What if my eighteen-month-old grandson Xavier called me up on the phone and asked me where I got my identity? Now he's smart, but he's not quite at the point of asking those deep questions.
But he may very well ask that at some point. Just who was or is his Grandpa Thorp. What defined one of the patriarchs of his clan? What made him tick? What gave his life purpose? Where did he find true meaning? What did he accomplish in his life? What was he most proud of? What would he do differently if he had the chance?
I could go the job route. I got a good chunk of my identity from the various jobs I've held. I worked as a reporter at a major metropolitan newspaper covering a big neighborhood in a large city. It was there that I talked to a really big-time mayor, a mob boss and a local minister who became a national political figure.
I spent a chunk of time at a series of smaller newspapers where I covered city council's and township boards right next to another major metropolitan area. My by-line was in the paper multiple times a week. I knew lots of people and they knew me.
At our State Capitol, I reported for a chain of small newspapers through a column that was in 40 plus papers every week. Then I was the pressroom manager for lots of years at the Capitol Building where I served as a conduit between reporters and the legislature.
I could go the family route. I have really enjoyed being married. I love having the title husband on my resume. Doing stuff together, facing life challenges as a couple has been super beyond description. There's a buzz that comes from being part of the synergy of being a couple who love each other.
Then I could tell Xavier about the dad role that I've played for almost 30 years. I love everything about being a dad. What tops it? Nothing, in my opinion? I can remember every moment when his mom was born and I can remember just about every event of her childhood that I was involved with. Same for his uncle.
What about sports and my performance in that arena? I didn't really play any. I tried out for Little League once to get a baseball cap, but I didn't make the cut.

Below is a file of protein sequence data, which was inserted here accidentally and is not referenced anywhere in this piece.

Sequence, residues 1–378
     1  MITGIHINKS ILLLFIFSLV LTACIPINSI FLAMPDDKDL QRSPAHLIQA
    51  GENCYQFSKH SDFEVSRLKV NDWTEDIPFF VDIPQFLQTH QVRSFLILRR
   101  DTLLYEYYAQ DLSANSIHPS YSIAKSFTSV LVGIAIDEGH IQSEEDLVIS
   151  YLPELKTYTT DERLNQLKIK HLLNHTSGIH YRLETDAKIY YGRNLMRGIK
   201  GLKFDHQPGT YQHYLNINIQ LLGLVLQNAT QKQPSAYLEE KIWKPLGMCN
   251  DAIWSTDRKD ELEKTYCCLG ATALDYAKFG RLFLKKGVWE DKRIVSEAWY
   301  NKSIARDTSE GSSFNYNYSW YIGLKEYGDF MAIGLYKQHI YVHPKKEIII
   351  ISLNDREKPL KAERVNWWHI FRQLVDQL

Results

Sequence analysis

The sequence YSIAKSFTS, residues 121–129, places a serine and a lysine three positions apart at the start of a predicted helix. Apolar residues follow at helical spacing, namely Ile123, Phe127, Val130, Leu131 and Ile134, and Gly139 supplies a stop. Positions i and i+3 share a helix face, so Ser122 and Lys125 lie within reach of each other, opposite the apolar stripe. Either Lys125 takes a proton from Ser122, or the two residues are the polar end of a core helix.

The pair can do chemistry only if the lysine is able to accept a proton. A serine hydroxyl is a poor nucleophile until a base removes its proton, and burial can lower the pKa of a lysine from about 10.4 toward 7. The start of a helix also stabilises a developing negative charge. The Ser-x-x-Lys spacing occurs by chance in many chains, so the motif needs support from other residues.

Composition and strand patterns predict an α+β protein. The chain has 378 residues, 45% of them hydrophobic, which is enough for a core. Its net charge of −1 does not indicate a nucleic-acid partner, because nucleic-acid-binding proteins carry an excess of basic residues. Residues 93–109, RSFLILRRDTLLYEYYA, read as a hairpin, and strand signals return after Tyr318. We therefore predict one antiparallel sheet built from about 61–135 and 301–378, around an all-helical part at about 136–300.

For several years, I played a lot of golf with his uncle. That was fun, pure fun. We had fun trying to get the ball to go where it didn't want to go. I wasn't very good at it. But my grandson's uncle, my son and I, had a grand time.
I'd put being a father in all caps in resume. I have a life's worth of fathering memories. These are pure gold to me.
Next I could point to my various involvements in politics. I got a big chunk of my identity there. My political interests gave me at a young age an entry into the world of my uncles. They would listen to me and I would listen to them. My involvements in this arena grew.
I became a page in the state Senate during my high school years and got to know a lot of legislators.
After college, I returned to the legislature and never left. I retired from there.
There was another title that was part of who I am and that's being a son.
I was a son to my mother and that was important. She was a vital person in my life.
But the other half of that was always a dark hole. It was filled a whole lot of nothingness with the exception of bits and pieces of information about the person who contributed to the other half of me.
I always wanted to be the son of a father. I wanted a dad who could say he loved me and who was proud of me. That meant more to me than anything at certain times of my life.
It never happened.
That hole was not filled in until I was firmly in my sixties.